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A science lab in the Peruvian village of Pachacamac is powered by guinea pig poop, according to wired.co.uk today. Almost one thousand guinea pigs provide two scientists, Carmen Felipe-Morales and Ulises Moreno, with 3 tonnes of excrement a month that can be converted into energy to power their lab and equipment.

Felipe-Morales and Moreno research renewable energy and plant genetics in order to make differences in the everyday life for the people of Peru, but options like wind turbines and solar panels aren’t necessarily viable in less developed areas of the world. So the two scientists have been looking at alternatives.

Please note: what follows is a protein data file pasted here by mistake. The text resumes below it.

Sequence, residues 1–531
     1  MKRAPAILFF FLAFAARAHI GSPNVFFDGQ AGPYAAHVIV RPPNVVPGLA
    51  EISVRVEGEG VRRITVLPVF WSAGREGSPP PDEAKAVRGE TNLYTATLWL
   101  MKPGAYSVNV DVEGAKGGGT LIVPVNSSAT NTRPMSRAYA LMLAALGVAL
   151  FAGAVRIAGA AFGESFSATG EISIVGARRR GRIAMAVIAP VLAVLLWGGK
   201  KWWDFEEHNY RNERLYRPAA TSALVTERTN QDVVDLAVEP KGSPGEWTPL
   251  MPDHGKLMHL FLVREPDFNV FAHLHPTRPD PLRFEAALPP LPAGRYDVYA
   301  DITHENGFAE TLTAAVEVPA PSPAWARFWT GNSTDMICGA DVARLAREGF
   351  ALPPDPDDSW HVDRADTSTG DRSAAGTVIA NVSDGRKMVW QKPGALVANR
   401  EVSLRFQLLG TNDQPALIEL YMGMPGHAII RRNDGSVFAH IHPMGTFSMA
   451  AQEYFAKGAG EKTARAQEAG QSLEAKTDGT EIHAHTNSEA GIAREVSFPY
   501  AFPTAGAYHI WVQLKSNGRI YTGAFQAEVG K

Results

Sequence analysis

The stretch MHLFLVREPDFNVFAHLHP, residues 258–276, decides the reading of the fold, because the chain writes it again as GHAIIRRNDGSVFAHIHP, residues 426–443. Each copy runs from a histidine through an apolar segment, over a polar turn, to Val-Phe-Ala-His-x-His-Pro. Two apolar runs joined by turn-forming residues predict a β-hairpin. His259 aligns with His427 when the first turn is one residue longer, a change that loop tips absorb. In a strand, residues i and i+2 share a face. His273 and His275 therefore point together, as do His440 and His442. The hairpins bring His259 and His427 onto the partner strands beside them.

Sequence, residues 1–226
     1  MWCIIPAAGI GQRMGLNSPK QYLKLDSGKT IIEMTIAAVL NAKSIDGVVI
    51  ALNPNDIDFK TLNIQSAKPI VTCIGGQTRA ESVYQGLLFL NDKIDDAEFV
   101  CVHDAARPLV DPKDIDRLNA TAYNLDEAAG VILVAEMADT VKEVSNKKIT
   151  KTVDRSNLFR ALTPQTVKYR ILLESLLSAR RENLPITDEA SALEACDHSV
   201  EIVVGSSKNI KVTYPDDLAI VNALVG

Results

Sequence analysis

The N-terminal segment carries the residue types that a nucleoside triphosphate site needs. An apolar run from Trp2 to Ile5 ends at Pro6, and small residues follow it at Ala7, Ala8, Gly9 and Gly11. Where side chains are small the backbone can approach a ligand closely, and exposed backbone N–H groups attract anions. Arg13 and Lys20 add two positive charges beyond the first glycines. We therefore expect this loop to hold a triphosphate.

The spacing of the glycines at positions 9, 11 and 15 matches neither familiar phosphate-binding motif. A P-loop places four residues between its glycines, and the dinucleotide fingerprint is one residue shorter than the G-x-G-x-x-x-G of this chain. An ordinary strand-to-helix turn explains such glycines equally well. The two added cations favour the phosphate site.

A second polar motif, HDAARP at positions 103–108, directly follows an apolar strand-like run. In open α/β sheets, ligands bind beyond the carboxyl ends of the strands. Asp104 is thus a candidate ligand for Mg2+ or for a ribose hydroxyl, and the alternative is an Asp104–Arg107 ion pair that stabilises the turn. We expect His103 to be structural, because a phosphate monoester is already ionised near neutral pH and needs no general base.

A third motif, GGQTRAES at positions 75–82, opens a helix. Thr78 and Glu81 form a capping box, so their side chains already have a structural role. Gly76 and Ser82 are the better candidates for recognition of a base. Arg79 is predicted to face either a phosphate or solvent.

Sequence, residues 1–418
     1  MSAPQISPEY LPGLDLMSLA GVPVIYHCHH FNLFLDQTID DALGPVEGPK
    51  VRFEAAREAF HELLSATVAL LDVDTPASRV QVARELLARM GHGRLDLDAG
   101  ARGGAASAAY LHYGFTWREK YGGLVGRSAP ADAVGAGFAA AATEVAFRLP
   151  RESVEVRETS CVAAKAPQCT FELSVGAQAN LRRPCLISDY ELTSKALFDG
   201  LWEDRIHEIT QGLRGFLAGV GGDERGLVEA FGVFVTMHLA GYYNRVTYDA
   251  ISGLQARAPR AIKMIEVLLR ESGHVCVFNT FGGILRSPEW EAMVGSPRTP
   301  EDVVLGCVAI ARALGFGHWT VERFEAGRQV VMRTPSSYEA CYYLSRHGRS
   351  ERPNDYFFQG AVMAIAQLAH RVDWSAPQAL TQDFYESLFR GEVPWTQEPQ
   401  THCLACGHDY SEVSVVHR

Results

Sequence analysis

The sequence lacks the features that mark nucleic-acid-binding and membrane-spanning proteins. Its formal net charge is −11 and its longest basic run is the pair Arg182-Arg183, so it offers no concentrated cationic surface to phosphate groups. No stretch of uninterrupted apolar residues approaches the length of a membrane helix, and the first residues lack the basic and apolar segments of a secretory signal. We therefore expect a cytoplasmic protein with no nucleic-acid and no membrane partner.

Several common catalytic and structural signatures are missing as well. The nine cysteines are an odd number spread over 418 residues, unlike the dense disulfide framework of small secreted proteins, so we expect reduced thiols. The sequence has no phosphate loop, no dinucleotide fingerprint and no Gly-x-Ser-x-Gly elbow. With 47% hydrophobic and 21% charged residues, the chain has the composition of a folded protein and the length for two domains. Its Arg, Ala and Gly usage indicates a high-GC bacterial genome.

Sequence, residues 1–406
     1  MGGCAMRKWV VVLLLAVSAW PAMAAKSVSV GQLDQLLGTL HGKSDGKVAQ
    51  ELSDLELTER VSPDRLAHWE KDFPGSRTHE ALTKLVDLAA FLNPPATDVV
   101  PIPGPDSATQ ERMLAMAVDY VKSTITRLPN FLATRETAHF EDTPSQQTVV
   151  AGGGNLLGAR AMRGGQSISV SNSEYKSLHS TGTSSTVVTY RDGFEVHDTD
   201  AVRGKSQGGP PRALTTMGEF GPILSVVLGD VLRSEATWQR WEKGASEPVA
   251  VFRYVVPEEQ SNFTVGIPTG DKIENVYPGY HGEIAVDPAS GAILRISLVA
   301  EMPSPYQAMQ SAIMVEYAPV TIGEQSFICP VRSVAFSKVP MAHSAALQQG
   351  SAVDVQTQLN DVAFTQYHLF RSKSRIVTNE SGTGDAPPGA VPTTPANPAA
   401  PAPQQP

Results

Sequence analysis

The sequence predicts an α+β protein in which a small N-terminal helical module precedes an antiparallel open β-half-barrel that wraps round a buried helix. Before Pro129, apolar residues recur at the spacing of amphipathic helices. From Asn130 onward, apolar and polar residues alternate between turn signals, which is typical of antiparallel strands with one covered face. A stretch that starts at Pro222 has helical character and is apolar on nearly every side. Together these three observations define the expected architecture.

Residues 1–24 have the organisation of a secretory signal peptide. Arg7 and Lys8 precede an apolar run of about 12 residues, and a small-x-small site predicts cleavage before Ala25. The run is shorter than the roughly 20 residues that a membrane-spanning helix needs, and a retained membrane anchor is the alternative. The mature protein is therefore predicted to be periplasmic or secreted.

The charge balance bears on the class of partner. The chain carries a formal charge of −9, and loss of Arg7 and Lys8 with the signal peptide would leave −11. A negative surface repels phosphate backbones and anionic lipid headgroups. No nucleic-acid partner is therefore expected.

Even though guinea pig is a popular menu choice in the South America, the army of rodents housed in a purpose built enclosure aren’t destined for the dinner plate. They lead a stress-free life munching specially enriched plant waste, and produce valuable pellets of poop for conversion into power.

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The scientists feed the dry pellets into an adapted bio-digester and add water. The result is production of methane gas – used to power light bulbs, stoves and an electric generator – and a brown liquid that can be used as plant feed. Using this method 3m3 of methane can be produced a day and 50 litres of plant feed can be produced a week, which the village can then sell.

But before we all go out and buy a guinea pig to try to reduce our energy bills in the UK, we must remember that over a thousand hamsters power one lab. Maybe it’s worth investing in a larger pet – say an elephant?…

Mike Brown

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